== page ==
Hadi Hariri says that JetBrains actively works to improve speed performance on its ReSharper and Rider releases.

Hadi also brought up the great point that by having its own platform (notably free of the heavyweight Roslyn) JetBrains has much greater control over the things that would slow ReSharper down, and so, “That’s why already we’re probably faster than VS in quite a few areas.”

OS Freedom

The benefits of this go without saying; developers, whether a Mac fanboy, a Linux beard, or a Windows…user (what’s the amusingly derogatory yet still civil term for a Windows user?), are vocal and stubborn about their OS preferences.

They’ve even got the debugging working on Linux!

OK, so there are some predictable troubles getting seamless performance on some of the many Linux distributions, but hey, way better than spinning up a VM.

Having a cross platform IDE is a civil right at this point, as Hadi said, “Probably the most exciting thing is not having to run a VM anymore to do C# development, and being able to now get everything I had with ReSharper on Mac.”

Sure, there are some cross platform options already available, such as Visual Studio Code and MonoDevelop, but the former is a lean Microsoft afterthought and the latter is pretty situational (I.E. Unity debugging).

One Stop Project Shop

Whatever your .NET flavor, you’re still good. Project Rider can handle projects in Mono, the .NET framework and DNX, with debugging support encompassing all of the above and CoreCLR (eventually).

…except for visual designers

Project Rider won’t offer some of the visual designers available in Visual Studio, such as XAML, Web Forms designer and Entity Framework Designer. Hadi Hariri confirmed that there are no plans for them, either. It’s okay, you can always outsource it.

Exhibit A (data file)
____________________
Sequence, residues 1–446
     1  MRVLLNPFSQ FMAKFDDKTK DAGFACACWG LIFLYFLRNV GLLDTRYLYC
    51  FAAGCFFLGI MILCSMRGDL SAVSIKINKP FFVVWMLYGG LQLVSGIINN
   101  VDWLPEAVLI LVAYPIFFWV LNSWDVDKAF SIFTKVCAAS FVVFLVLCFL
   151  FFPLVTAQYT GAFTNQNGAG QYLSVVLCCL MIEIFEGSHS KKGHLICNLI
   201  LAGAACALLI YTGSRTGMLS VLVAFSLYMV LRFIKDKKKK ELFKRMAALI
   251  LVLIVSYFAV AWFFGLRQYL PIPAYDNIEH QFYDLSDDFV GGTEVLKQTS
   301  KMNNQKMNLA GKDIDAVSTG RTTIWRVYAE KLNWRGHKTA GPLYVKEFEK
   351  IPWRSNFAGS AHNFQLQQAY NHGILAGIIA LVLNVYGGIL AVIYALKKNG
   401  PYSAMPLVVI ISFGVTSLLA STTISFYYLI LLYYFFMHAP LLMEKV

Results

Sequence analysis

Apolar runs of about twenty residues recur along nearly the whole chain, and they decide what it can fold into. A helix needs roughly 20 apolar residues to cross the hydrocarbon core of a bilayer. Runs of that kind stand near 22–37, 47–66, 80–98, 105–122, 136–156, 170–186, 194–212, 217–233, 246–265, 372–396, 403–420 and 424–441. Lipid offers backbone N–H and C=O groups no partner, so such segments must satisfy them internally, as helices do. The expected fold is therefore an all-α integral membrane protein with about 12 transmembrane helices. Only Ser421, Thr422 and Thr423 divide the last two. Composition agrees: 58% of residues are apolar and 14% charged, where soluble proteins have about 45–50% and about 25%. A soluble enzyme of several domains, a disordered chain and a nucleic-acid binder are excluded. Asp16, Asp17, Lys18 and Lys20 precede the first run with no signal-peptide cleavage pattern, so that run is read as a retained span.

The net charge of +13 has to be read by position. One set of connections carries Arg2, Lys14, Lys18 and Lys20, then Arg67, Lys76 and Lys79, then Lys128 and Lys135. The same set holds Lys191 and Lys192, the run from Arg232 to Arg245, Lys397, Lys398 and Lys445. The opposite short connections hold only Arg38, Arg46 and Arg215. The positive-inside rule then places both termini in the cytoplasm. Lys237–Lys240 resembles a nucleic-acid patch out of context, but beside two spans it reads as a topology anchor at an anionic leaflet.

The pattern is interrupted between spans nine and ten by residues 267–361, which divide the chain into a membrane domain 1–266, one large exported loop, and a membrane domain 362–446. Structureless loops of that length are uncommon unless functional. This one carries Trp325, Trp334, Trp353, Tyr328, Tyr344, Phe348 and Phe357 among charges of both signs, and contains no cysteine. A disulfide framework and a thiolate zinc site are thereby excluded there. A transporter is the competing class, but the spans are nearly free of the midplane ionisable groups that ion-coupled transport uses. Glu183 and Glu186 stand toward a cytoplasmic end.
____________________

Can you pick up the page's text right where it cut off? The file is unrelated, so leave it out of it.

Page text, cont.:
IntelliJ Functionality

As the offspring of JetBrains, Project Rider will have all the wisdom and functionality of the IntelliJ platform (in this case, care of RESharper). I could write an entire article on just those benefits: easy navigation of both code and file structure, code cleanup, smart auto-completion, code smell detection and resolution, happy, safe refactoring, and all the great integration stuff for build tools, version control, testing and debugging,and so on. There’s a lot to be said for vetted industry experience.

C# and .NET IDE ‘Project Rider’ has all the functionality of ReSharper and the IntelliJ platform!

Since it's on the IntelliJ platform, Rider devs will get all the great IntelliJ functionality!

IntelliJ Plugins

Likewise, as JetBrain’s newborn offspring, it’ll support existing ~1,000 downloadable IntelliJ IDEA plugins. VIM users, rejoice! (Hey, don’t knock it. IdeaVim is the seventh most downloaded IDEA plugin right now.)


While it’s ironic, given that Project Rider exists only because of Microsoft’s movement towards open source, it’s completely understandable that JetBrains plans to follow a licensing fee model.